Keeping an Eternal Perspective: Death

14 Jul

{This is the third installment of this weekly series.}

A good friend of ours from church recently found out that there’s a mass in his lungs the size of a softball. He got a biopsy on Tuesday and will most likely get the results tomorrow. He has had a very God-centered, realistic perspective on the whole situation — acknowledging that he might not have much longer to live or be entering into a season filled with surgery, chemo, and unpleasant side effects. He’s currently coughing a lot, which is taking its toll as well.

Our friend’s reaction to this situation made me think of what the apostle Paul said in Philippians 1:21, 23 — “For to me to live is Christ, and to die is gain…my desire is to depart and be with Christ, for that is far better.” Paul was ready to go home. He would choose dying over life, because it meant being with Christ. “We know that while we are at home in the body we are away from the Lord…we would rather be away from the body and at home with the Lord.”

If Jesus returned this very minute, would I be overjoyed and ready? Or would I say, “Well, this isn’t really a good time. You see, I’ve got my first Olympic triathlon coming up in about a month. And I still haven’t seen Greece or Italy, had a book published about how I became a Christian, or had kids. So can you come back in 10 years or so? I’ll be ready then.”

I have to admit, there are times when I think that if Jesus came back today, I’d be slightly disappointed that I had to miss out on all those things I’m currently looking forward to experiencing. But that’s me being a child making mud pies in the slum, turning down the offer of a holiday at the beach. It’s so easy to turn good things into ultimate things. C.S. Lewis, in his book The Great Divorce, illustrates this with people who are in hell, still maintaining their death grip on what they valued in their earthly lives. And that’s exactly why they’re in hell. Even some of the people who make the journey to heaven turn back because they can’t let go of their earthly treasures.

I think Paul sums up what our approach to these good earthly experiences should be in Colossians 2:17 — “These are a shadow of the things to come, but the substance belongs to Christ.” Think of what your shadow looks like when you’re standing outside in the sun. Distorted. Hard to make out. You can kind of tell what it is.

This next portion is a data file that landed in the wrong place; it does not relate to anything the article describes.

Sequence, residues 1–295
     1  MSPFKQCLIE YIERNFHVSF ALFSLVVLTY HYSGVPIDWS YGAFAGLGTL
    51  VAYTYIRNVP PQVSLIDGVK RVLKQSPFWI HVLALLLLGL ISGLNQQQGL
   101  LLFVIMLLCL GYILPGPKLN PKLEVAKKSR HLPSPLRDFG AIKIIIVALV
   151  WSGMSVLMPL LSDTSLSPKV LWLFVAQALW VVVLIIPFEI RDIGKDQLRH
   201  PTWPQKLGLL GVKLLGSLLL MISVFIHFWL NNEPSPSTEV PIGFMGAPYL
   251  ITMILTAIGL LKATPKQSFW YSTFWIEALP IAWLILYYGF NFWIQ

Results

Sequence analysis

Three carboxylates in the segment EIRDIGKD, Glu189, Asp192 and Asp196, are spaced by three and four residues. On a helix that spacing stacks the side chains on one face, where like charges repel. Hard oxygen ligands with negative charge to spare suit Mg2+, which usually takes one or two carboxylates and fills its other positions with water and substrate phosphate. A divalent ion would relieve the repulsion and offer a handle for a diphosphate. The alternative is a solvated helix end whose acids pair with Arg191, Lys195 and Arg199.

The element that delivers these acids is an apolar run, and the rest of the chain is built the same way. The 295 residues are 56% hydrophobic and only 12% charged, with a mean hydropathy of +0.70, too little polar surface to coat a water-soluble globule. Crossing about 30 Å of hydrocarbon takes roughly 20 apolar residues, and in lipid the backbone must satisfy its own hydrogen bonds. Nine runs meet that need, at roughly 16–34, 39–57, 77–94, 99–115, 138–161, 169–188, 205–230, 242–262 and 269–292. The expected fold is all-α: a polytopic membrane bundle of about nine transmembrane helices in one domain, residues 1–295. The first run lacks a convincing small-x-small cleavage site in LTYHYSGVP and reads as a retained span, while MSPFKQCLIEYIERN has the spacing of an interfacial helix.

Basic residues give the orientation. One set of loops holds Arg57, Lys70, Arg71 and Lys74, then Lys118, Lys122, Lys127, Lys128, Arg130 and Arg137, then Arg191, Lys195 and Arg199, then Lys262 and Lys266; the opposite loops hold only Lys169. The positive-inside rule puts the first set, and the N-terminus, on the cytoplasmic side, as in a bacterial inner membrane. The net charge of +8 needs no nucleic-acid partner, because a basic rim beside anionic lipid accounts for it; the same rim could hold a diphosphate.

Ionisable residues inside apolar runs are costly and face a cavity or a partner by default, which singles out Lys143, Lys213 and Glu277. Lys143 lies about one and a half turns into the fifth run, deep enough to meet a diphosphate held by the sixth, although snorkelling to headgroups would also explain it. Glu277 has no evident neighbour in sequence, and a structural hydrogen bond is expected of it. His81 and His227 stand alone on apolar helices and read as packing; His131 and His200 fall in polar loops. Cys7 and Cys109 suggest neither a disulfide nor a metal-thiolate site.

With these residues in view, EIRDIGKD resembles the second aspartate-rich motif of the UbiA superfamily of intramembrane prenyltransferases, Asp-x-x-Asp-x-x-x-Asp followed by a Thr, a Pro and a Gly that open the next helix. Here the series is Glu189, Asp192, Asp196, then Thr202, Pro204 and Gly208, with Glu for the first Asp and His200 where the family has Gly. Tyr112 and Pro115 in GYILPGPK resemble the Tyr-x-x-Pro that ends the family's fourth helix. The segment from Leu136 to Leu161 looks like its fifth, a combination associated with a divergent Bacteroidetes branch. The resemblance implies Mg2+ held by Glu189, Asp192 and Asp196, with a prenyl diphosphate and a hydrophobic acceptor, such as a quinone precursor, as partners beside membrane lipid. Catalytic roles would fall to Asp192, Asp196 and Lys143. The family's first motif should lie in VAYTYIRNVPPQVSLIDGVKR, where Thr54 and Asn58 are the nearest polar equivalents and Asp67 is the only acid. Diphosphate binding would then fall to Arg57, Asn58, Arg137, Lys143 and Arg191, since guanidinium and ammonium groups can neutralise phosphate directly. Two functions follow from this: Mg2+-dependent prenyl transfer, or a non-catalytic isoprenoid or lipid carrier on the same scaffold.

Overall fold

That’s what these earthly things are: shadows.

Family, achievements, goals, new experiences, beautiful places — all of these are dark blobs of the reality. In light of how enjoyable and amazing these earthly things are, that’s saying a lot about the reality! What is the reality? The gospel — that God has acted through His own Son, Jesus Christ, to reconcile a fallen race to Himself, in order that He might live in fellowship with and enjoy us for eternity. That is the reality that He is revealing through this experience and place we call Earth. This is not the final product. This is temporary. This will fall away.

Are we longing for that day? Or are we busying ourselves with “good things” that cause us to lose our edge, soften our convictions and compromise our character? Are we Christian warriors, constantly sharpen our weapons for the day of battle and being constantly vigilant for the return of our King? Or are we so busy with our projects, goals, daily lives, and routines that our weapons and armor are gathering dust and getting rusty?

I’ve heard it said that the Christian life isn’t about choosing between good and bad; it’s about choosing between good and almost good. Satan is sneaky (if you haven’t read The Screwtape Letters by My Favorite Author Ever — can you tell? — you totally should) and will use anything he can to deceive us and to foil our relationship with God. Even innocent things, things that God Himself created.

“Never forget that when we are dealing with any pleasure in its healthy and natural and satisfying form, we are, in a sense, on the Enemy’s ground. I know we have won many a soul through pleasure. All the same, it is His invention, not ours. He made the pleasures: all our research so far has not enabled us to produce one. All we can do is to encourage the humans to take the pleasures which our Enemy has produced, at times, or in ways, or in degrees, which He has forbidden. Hence we are always trying to work away from the natural condition of any pleasure to that in which it is least natural, least redolent of its Maker, and least pleasurable. An ever increasing craving for an ever diminishing pleasure is the formula. It’s more certain; and it’s better style. To get the man’s soul and give him nothing in return — that is what really gladdens Our Father’s heart.” (The Screwtape Letters, C.S. Lewis)

If you want to read more about the idea of good things vs. ultimate things, I recommend reading Counterfeit Gods by Timothy Keller. It’s a very good book.

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